NHS Digital hopes to ease the burden on local accident and emergency (A&E) units by analysing call data into its 111 emergency telephone service.
Speaking at the Tech for Britain conference in London last week Daniel Ray, director of data science at NHS Digital said: "Where we have started to generate new big data and apply data science is in areas like NHS Pathways. So if you phone the 111 service, up until recently no one had analysed that data."
The NHS received 15 million 111 calls per month, two million of which end up with a patient being referred to a local A&E. The NHS 111 telephone helpline has actually increased the number of people turning up at emergency departments and calling ambulances since being launched, the opposite of its intent to ease the burden on A&E units.
Ray explained that NHS Digital has always collected 111 call data as "when a call comes in the handler sits in front of a clinical system and they capture information", he explained. "What sits behind that is a clinical algorithm decision tree."
Ray noticed that the data from these calls was just "sitting there" when he arrived at the organisation around a year ago, so he kicked off the project to try to get more insight into the referral process and to hopefully improve the clinical algorithm to reduce the number of people being sent to A&E where possible.
With a small team of two data scientists the organisation started looking at what the patient actually does after a 111 call and secondly, if they should have referred that patient to A&E at all. By linking up the 111 call data and local A&E inpatient records he believed "we could potentially stop hundreds of A&E attendances simply by tweaking the clinical algorithm that the nurse fills out at the other end of the phone", he said.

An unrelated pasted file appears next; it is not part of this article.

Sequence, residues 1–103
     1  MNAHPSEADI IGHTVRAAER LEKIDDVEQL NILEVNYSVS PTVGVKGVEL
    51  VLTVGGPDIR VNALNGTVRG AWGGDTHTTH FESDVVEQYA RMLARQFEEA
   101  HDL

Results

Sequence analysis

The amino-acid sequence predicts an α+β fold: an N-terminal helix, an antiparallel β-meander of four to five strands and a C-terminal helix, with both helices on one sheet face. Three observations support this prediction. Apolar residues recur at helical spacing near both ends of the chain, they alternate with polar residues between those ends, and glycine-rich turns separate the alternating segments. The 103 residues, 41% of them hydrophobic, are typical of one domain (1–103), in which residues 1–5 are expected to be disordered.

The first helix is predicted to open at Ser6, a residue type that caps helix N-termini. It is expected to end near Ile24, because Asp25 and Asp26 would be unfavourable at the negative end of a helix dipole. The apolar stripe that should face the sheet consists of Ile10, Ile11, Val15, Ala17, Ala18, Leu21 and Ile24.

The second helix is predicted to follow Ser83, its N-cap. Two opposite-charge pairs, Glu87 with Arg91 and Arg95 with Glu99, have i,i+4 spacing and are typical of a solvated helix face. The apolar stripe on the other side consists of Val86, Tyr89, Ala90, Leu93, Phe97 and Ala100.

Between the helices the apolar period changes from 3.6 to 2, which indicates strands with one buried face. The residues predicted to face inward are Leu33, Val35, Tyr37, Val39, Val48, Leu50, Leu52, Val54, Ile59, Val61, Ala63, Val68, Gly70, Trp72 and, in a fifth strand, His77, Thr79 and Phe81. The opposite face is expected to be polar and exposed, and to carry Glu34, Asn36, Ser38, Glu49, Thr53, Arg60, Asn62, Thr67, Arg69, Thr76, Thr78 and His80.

Predicting A&E demand
Ray, who joined NHS Digital last year as part of the new Centre of Excellence for Big Data and Data Science, is tasked with finding new ways to use data science to deliver better care across the health service. Another project he is working on is to try and improve the predictions the NHS can make around A&E demand.
By analysing streaming data from sources like sporting event databases and the Met Office for weather Ray claims to be able to increase its demand prediction models for A&E attendance by up to 25 percent. This is "enough for someone who is in charge of a hospital to redirect how many resource they need to cope", he said.
Something as innocuous as weather data is significant because "the temperature outside makes a massive difference to both the total volume of A&E attendance and the type of patients that come through the door", Ray said. "When the sun is out everyone is out breaking themselves."
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